Proven experience managing and coaching service staff in a fast paced restaurant setting.
Strong organizational and communication skills to manage staff, interact with management and resolve customer service issues.
Excellent written and verbal communication skills.
Valid driver’s license and maintain a safe driving record.
A pre-employment background check is required.
Able to lift 40+ lbs.

Compensation and Benefits
This is a full-time, salaried position. 
Competitive compensation depending on experience plus benefits including medical/dental insurance, paid vacation and 401(k).

All inquiries will be kept strictly confidential.  
Email resumes to amy@winetalent.net
WineTalent:  The Right People for the Job

Monday, September 17, 2018

Working Women: Have You Ever Had a Career Hot Streak?




Witnessing an athlete's hot streak is very exciting.  Are hot streaks exclusive to athletes?  Nope.  published their findings about the hot streaks experienced by over 30,000 professionals including artists, film directors and scientists.  The main findings were that the streaks last four to five years and some people have more than one hot streak.  Hot streaks can occur at any point in your career. 
Recently, Dashun Wang and his research team at Northwestern University’s Kellogg School of Management

How do people get on a hot streak?  As the famous golfer Arnold Palmer is often quoted as saying, “The more I practice, the luckier I get.”  Malcolm Gladwell wrote in Outliers that “ten thousand hours is the magic number of greatness."  Both of these quotes relate success with practice.  If practice really does make perfect, you need to get practicing.  

How can you practice in the business world?  Well, first of all, you have to show up.  And when you do show up, put in the hours to do the work, sign up for new assignments, and stretch yourself a bit.  Put your hand up when a difficult yet interesting project comes up.  Show up for a meeting prepared and ready to present your opinions and information.  And if a great opportunity comes along, whether you think you are completely ready for it or not, put yourself in line for it.  

Put in the Time:  I do believe that to get ahead you have to put the work in.  The harder I work, the luckier I've always gotten.  Perhaps it is being in the right place at the right time, or it is building my career "muscle memory" to be agile when it is needed.  If I hadn't deliberately put myself in the right place at the right time, I probably would have had a much different outcome.  

Not Simply Doing the Work:  Now, some say that it is not about hard work alone.  For an interesting view on this, check out Rosina Racioppi's article at Forbes.com Three Obstacles Hindering Women's Career Advancement.  While hard work can result in job security, you also need to work smarter not just harder.  Being strategic where you invest your time and effort is as important or perhaps more important than how hard you work.  Don't try to be the best at completing the same work the same way every time.  Figure out new things that need to be done, solve problems your company is facing and create efficiencies wherever you can.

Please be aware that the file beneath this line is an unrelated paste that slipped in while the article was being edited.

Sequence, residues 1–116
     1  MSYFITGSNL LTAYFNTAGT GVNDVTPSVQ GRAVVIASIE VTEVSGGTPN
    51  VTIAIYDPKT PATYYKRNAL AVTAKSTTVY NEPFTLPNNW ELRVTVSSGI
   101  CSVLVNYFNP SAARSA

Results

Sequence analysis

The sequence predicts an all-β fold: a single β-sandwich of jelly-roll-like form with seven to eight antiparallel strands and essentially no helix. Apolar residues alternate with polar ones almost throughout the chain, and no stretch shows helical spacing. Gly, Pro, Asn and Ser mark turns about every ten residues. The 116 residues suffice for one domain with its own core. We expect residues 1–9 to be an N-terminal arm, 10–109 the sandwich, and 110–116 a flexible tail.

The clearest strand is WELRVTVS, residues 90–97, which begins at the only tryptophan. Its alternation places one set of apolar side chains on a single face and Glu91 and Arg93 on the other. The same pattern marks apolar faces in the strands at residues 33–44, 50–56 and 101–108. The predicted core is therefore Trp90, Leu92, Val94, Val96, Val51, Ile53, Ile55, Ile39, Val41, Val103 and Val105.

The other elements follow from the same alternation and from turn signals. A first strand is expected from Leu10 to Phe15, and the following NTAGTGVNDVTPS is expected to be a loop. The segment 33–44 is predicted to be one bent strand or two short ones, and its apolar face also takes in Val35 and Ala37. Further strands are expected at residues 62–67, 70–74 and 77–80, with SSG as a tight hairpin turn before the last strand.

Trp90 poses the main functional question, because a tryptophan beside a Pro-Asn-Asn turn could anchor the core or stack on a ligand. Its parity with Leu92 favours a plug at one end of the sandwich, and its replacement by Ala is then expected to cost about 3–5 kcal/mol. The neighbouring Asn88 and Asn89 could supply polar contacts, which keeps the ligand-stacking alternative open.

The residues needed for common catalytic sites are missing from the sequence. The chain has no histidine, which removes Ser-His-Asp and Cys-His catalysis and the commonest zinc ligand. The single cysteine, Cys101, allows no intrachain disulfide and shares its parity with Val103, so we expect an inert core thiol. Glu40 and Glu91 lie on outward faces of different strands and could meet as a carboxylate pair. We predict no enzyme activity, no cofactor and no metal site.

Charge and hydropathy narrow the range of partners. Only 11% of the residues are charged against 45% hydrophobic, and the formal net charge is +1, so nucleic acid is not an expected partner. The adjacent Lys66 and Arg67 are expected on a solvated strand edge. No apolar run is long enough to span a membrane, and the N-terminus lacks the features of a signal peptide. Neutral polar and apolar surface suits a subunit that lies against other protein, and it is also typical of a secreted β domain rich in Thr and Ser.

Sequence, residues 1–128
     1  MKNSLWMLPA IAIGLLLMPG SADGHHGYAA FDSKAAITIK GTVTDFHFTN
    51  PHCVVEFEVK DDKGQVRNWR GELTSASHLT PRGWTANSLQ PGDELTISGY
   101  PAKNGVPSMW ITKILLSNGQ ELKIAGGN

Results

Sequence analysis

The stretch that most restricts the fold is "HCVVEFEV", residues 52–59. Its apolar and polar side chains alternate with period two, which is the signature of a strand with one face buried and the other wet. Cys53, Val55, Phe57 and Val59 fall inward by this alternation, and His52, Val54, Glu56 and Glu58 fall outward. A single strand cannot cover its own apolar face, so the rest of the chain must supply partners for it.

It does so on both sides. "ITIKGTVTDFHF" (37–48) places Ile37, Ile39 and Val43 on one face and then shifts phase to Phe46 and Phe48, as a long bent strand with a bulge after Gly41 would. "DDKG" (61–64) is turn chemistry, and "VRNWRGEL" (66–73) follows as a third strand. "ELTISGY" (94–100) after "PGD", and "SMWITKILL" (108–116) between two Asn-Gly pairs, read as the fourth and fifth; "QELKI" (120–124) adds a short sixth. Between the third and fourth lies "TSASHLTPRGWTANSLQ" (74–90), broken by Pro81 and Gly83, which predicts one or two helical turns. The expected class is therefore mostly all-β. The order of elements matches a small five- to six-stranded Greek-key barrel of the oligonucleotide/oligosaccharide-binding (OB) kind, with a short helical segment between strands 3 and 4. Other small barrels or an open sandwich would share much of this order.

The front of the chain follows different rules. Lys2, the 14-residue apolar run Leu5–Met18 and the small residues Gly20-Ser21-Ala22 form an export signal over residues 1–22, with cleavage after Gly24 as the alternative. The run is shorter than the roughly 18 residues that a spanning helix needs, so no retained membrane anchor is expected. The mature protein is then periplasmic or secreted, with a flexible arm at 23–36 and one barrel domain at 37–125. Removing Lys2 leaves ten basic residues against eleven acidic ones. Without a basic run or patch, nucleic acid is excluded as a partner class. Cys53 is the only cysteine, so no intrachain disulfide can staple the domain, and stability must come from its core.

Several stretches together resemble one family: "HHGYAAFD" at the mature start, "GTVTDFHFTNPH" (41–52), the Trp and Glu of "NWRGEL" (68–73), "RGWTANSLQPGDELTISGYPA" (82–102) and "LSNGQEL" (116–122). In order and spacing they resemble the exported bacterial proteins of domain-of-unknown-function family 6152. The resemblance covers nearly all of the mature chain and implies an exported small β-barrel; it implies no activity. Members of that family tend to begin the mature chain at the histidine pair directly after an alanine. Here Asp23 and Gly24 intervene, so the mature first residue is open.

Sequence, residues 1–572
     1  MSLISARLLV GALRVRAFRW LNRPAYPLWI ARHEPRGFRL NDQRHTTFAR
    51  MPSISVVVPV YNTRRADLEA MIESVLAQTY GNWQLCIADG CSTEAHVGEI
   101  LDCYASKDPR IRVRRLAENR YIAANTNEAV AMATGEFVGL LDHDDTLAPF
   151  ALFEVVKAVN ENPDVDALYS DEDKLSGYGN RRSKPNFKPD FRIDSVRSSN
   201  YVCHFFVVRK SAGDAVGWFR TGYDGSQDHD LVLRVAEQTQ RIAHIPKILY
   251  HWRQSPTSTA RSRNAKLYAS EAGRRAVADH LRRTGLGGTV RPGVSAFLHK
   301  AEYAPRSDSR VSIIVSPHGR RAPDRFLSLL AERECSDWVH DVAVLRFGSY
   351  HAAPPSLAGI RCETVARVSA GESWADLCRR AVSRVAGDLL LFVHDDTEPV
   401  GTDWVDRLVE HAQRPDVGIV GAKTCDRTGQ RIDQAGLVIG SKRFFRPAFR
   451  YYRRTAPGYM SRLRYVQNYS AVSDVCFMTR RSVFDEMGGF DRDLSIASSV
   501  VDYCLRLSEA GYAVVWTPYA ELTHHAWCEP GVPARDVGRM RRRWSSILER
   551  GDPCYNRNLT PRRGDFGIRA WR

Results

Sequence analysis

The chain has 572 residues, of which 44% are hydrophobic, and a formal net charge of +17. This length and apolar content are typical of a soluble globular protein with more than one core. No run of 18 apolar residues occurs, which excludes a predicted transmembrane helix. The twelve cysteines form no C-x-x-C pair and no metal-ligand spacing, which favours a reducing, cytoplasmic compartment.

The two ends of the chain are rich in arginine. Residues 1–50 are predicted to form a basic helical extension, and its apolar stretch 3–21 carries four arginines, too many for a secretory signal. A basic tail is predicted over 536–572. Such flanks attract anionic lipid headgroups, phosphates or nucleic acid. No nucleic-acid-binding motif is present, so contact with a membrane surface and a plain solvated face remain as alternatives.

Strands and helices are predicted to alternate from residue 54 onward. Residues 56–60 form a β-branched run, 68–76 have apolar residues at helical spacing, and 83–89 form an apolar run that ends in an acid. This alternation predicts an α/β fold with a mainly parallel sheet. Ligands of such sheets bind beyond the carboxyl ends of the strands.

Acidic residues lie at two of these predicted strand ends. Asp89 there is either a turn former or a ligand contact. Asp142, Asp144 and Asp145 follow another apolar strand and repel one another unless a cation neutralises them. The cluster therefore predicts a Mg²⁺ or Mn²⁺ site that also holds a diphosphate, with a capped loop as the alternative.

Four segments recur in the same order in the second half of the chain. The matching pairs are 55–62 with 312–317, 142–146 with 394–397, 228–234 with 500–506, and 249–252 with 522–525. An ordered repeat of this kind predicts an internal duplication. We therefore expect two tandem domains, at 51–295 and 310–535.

Find a Mentor:  As Racioppi mentions, women also need to seek out mentors.  Yes, ladies, you do.  Identify people you interact with at work and in your profession that you admire and respect.  Asking to be that person's protege may seem awkward, but it never hurts to ask.  Put yourself out there and do it.  This includes showing up at work, doing the work, and taking the time to build relationships with potential mentors.  Great mentors will have excellent advice to lead to greater career success.  

Equal Opportunity Mentorships:  Over my career, I've been the protege of both male and female mentors.  Having been one of the first women in some of the roles I've had, many of my mentors are men.  With the current #metoo movement a lot of troubling stories have come out about sexual harrassment, pay inequality, and other situations women in the workplace suffer.   I have dealt with plenty of these issues, but I am tired of the man-bashing that is going on right now.  To have solid relationships in the work world, foster quality relationships with men and women.  I have to sing the praises of some very honorable men who have supported me.  My husband has always been my biggest advocate and I wouldn't be successful without him.  My former boss at Yoh Company taught me everything I know about recruiting.  He was always a gentleman and had his employees' best interests at heart.  Now as a self-employed consultant, I have the privilege of working with a diverse array of winery professionals.  I've severed relationships with some clients that were not professional, and have also fostered relationships with wine businesspeople who have turned out to be my biggest mentors.  I've built a business working with great personalities in the wine industry.  The more I work, the better I get at figuring out which will be solid business relationships.